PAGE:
To illustrate, when 2022 kicked off, I revised my self-care/wellbeing plan to prepare me for an exciting but mentally challenging year. You can read more about the changes I made in this blog post. In essence, I thought deliberately about the challenges I would face and prioritised certain activities that would help sustain me through those challenges. 

As an interesting but related aside, students at Flinders can access a program called the Be Well Plan which teaches them how to develop an individualised mental health and wellbeing plan. In that program we teach you the types of psychological activities that build wellbeing, resilience and help manage difficult feelings, and also the science of habit formation, to help you get those activities reliably embedded into your everyday life.


Anyway – assuming you’ve got a plan (or something closely approximating a plan), where does measurement fit into this?

Measurement supports a self-care/wellbeing plan by providing insights that help you choose activities, as well as providing a means to track your progress (i.e. is the plan working to improve your wellbeing). 

Insight measures help us learn something about ourselves which we can use to make better decisions. For example, I typically score high on conscientiousness (diligence) when completing personality measures. This tells me that to look after my mental health means being organised and efficient, but also warns me to not become too task oriented at the expense of other things (e.g. connection with others).  

Progress measures help us track some kind of outcome to see if the changes we are making or activities we are engaging in are moving us in a desired direction. For example, my fitbit watch tells me how many steps I am taking per day which helps me track my progress towards being more active.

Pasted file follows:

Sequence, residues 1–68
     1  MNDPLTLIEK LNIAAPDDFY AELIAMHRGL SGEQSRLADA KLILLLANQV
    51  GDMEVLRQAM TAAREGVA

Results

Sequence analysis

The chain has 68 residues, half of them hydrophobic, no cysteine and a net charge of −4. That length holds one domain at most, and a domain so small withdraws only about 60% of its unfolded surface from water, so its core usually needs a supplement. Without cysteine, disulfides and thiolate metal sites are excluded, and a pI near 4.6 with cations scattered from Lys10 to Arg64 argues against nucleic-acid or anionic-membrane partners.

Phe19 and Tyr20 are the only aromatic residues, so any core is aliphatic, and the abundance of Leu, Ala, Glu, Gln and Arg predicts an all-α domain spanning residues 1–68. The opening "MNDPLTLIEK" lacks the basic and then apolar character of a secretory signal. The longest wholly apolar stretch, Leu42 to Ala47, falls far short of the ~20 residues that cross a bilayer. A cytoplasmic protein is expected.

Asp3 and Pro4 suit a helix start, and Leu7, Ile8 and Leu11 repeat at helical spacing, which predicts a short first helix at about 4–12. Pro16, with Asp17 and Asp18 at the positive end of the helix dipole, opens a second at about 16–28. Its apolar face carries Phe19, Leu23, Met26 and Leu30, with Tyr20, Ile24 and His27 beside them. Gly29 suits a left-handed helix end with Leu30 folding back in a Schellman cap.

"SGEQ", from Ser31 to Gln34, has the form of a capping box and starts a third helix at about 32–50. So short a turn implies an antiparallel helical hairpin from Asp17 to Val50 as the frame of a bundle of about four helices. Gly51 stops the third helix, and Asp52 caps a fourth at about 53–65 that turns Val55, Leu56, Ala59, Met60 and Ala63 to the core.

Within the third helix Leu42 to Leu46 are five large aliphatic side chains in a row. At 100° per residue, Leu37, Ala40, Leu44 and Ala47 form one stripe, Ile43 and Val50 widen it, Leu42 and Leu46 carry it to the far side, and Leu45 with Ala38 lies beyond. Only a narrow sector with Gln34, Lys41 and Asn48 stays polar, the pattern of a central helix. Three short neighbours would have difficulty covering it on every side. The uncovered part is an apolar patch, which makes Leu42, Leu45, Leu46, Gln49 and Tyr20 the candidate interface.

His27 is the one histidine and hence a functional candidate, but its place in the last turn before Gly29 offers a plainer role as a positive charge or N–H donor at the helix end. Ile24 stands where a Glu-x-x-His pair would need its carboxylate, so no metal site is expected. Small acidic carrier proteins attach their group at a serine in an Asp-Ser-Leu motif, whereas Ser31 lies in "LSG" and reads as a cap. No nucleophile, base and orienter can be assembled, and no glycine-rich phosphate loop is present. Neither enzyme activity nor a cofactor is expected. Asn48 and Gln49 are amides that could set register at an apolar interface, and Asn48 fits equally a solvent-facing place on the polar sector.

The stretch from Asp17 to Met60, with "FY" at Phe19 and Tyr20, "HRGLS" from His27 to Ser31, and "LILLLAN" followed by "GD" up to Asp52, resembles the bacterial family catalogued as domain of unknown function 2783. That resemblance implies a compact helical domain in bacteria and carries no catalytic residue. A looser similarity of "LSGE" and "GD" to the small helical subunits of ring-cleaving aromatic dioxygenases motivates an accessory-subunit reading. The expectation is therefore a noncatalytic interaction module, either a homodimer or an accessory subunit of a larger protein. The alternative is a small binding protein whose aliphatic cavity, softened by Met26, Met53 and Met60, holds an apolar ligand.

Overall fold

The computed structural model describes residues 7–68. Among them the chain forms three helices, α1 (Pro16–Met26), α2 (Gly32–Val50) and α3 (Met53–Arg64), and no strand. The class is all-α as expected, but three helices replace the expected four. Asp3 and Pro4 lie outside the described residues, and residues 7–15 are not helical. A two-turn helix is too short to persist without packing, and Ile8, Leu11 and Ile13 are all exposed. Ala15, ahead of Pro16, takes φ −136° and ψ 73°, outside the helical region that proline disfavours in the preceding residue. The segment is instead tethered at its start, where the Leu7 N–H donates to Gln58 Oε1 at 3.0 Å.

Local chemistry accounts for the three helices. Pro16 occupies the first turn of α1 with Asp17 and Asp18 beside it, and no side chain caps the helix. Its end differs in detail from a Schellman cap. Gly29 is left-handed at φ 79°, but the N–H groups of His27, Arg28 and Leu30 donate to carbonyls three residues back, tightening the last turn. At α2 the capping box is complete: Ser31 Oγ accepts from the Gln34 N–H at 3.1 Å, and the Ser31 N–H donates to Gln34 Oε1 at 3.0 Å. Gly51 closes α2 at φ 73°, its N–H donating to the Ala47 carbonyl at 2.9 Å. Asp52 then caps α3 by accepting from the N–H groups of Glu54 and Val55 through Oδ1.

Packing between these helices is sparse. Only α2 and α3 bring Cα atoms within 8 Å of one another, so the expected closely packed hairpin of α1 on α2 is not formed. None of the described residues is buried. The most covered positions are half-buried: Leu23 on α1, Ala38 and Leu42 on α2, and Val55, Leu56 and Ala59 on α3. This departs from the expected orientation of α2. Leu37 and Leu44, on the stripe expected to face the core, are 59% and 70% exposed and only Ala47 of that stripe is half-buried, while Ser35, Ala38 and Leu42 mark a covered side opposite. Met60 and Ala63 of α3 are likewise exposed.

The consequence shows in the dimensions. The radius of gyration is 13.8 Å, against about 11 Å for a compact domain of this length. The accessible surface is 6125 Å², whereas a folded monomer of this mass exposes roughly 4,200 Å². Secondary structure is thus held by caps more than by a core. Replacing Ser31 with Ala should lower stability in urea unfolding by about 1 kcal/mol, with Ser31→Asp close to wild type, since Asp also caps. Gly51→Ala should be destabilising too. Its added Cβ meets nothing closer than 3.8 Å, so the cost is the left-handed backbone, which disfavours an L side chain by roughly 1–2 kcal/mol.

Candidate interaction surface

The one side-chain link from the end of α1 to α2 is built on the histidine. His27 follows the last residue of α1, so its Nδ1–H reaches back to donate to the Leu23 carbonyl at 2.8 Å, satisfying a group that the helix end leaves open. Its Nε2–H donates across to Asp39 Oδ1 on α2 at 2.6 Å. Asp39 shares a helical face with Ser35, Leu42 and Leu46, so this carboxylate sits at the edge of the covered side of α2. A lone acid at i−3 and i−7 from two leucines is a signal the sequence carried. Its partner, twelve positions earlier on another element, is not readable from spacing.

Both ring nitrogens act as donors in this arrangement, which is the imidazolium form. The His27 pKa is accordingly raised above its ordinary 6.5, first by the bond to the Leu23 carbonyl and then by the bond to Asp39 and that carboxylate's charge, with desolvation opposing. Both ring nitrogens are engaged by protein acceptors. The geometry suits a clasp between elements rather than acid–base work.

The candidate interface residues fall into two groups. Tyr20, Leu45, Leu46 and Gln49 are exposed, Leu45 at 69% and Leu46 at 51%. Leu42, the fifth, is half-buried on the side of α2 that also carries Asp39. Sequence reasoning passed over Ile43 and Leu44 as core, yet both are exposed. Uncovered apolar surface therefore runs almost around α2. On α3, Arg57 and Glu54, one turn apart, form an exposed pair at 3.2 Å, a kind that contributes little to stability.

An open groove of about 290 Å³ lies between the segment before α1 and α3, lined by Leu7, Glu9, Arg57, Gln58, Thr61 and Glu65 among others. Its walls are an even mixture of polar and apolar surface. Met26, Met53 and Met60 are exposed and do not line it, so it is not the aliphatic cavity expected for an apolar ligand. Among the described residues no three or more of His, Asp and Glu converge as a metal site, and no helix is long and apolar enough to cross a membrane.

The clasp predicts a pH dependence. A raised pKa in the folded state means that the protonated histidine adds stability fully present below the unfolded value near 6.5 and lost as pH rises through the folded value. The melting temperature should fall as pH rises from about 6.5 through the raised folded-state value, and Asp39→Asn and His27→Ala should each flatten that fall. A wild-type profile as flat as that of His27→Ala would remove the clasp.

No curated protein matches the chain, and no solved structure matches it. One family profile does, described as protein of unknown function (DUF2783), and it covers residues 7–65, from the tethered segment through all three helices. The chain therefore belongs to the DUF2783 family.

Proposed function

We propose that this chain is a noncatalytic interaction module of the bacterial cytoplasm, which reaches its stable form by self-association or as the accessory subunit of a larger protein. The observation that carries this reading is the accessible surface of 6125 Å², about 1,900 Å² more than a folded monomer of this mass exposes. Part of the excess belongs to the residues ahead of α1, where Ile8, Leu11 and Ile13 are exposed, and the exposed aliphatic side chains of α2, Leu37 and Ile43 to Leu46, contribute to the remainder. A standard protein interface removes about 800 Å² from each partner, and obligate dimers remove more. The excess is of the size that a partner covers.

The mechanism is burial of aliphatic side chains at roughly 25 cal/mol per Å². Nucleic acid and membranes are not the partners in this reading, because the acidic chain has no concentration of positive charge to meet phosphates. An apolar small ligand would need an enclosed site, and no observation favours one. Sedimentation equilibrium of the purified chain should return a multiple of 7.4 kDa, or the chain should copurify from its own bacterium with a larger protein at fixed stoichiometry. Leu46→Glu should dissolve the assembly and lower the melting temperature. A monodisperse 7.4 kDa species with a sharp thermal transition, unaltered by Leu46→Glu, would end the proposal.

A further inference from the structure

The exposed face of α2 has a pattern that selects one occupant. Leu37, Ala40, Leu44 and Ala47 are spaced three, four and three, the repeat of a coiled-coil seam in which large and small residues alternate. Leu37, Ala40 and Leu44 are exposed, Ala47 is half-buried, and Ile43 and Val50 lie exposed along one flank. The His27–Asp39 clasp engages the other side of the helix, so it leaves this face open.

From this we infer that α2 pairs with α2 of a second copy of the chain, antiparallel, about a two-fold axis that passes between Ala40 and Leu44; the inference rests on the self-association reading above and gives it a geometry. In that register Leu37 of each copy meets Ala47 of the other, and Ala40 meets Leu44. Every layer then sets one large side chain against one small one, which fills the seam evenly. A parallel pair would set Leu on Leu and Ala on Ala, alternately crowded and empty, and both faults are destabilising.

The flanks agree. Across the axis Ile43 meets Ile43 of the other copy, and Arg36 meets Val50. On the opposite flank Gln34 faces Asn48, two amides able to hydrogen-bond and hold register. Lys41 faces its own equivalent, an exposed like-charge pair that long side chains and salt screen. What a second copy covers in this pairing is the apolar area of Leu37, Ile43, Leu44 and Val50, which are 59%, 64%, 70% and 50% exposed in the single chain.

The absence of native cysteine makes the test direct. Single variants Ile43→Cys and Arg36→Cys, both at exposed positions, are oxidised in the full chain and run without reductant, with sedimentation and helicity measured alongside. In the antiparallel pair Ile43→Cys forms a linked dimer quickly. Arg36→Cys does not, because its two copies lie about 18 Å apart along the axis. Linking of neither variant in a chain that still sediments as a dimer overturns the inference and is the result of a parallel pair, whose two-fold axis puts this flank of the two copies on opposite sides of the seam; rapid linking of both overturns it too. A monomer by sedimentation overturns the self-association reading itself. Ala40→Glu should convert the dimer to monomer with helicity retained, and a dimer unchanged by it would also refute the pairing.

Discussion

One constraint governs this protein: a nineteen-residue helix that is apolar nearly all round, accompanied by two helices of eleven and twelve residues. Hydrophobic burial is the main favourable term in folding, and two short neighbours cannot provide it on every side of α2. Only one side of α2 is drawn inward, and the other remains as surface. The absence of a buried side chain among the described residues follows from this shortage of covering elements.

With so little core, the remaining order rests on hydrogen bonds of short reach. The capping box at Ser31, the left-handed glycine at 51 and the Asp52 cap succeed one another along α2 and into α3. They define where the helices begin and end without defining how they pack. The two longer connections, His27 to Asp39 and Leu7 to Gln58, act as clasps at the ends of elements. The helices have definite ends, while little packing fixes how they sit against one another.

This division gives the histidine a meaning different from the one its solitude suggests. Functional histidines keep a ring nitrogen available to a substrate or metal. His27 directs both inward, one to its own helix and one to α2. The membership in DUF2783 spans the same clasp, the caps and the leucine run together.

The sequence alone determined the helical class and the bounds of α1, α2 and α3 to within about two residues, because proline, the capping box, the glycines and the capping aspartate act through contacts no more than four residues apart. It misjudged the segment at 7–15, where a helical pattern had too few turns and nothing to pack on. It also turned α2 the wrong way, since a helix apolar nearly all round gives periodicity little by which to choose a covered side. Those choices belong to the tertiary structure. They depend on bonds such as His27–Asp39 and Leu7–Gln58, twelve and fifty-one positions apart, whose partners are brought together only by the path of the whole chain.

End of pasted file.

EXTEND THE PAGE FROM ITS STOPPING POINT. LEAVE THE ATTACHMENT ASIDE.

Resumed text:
Both types of measurement can enhance a self-care/wellbeing plan. Insight measures tend to help us select the kinds of things we should be doing. Progress measures help us keep track of how we’re implementing those activities and whether they are working. Keep in mind that a measure can do both. For example, tracking my steps showed me my overall activity level was sub-par and I needed to walk more (insight). Once I started walking, tracking my steps helped me track my improvement over time (progress).   

Finding the right measure(s) for your situation can be challenging. How do you know which measures will provide useful insights, if you haven’t yet had the insight? Also, there are lots of things to measure and lots of ways of measuring them. 

Thus in the early days, the use of measurement in a self-care/wellbeing plan arises out of experimentation and following recommendations. 

Here are a few different places to access potentially useful measures that have a health/wellbeing focus. 

  • I like the resilience measure used by the crew at Resilience Shield. It provides insights into how you are doing across 4 domains (body, mind, social, professional) and makes recommendations on activities that could boost each of these areas –


  • The Greater Good Science Center out of Berkeley produce quizzes that assess a range of psychological capacities (e.g. self compassion, empathy, gratitude, altruism) and link those to activities that can grow those capacities –